Department of Bioinformatics and Computational Biology


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Osteoradionecrosis and Radiation Dose to the Mandible in Patients With Oropharyngeal Cancer.

Int J Radiat Oncol Biol Phys
Jul 2012

Tsai C, Hofstede T, Sturgis E, Garden A, Lindberg M, Wei Q, Tucker S, Dong L

Department of Radiation Oncology, The University of Texas MD Anderson Cancer Center, Houston, Texas.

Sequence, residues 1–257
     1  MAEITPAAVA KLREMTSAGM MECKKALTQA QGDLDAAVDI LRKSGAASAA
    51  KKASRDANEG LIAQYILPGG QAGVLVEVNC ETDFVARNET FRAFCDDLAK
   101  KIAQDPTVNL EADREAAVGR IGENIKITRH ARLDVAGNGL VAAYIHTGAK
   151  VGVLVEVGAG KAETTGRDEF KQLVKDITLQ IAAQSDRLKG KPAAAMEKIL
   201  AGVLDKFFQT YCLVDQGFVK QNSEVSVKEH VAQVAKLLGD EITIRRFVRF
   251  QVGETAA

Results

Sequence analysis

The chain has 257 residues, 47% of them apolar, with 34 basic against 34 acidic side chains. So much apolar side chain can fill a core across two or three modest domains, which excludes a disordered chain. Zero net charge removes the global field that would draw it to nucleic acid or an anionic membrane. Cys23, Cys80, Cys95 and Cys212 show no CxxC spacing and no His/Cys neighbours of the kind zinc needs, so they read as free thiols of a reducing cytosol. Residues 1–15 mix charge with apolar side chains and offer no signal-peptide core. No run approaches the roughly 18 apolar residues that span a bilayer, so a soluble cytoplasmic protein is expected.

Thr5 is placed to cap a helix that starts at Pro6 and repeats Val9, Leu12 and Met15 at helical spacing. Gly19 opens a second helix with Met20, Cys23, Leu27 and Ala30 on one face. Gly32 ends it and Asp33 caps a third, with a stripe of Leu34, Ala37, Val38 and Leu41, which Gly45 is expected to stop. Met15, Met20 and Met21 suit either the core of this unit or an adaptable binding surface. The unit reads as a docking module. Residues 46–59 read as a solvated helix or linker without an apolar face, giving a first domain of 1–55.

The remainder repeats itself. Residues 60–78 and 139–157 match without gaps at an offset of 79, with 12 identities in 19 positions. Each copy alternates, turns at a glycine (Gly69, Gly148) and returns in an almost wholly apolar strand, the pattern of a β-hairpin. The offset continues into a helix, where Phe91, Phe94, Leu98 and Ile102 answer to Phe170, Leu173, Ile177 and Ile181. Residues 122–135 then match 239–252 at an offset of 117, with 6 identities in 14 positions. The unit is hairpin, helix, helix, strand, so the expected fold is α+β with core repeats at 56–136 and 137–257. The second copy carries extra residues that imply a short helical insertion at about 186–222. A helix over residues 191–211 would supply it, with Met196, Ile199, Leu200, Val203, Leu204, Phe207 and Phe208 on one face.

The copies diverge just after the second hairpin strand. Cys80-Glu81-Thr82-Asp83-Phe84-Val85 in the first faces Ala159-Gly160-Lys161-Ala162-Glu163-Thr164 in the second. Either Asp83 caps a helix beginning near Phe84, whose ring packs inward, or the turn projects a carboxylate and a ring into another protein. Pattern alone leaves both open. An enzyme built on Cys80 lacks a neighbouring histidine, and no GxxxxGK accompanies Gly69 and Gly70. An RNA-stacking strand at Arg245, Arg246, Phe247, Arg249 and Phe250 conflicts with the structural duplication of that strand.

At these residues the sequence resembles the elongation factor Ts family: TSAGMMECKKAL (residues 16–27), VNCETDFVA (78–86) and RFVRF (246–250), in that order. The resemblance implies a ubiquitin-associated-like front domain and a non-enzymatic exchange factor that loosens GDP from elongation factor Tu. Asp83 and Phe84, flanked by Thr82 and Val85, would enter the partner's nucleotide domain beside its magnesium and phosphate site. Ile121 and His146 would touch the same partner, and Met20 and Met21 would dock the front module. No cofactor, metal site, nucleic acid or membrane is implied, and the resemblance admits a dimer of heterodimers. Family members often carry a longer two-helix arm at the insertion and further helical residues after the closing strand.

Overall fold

PURPOSE: To determine the association between radiation doses delivered to the mandible and the occurrence of osteoradionecrosis (ORN). METHODS AND MATERIALS: We reviewed the records of 402 oropharyngeal cancer patients with stage T1 or T2 disease treated with definitive radiation between January 2000 and October 2008 for the occurrence of ORN. Demographic and treatment variables were compared between patients with ORN and those without. To examine the dosimetric relationship further, a nested case-control comparison was performed. One to 2 ORN-free patients were selected to match each ORN patient by age, sex, radiation type, treatment year, and cancer subsite. Detailed radiation treatment plans for the ORN cases and matched controls were reviewed. Mann-Whitney test and conditional logistic regression were used to compare relative volumes of the mandible exposed to doses ranging from 10 Gy-60 Gy in 10-Gy increments. RESULTS: In 30 patients (7.5%), ORN developed during a median follow-up time of 31 months, including 6 patients with grade 4 ORN that required major surgery. The median time to develop ORN was 8 months (range, 0-71 months). Detailed radiation treatment plans were available for 25 of the 30 ORN patients and 40 matched ORN-free patients. In the matched case-control analysis, there was a statistically significant difference between the volumes of mandible in the 2 groups receiving doses between 50 Gy (V50) and 60 Gy (V60). The most notable difference was seen at V50, with a P value of .02 in the multivariate model after adjustment for the matching variables and dental status (dentate or with extraction). CONCLUSIONS: V50 and V60 saw the most significant differences between the ORN group and the comparison group. Minimizing the percent mandibular volume exposed to 50 Gy may reduce ORN risk.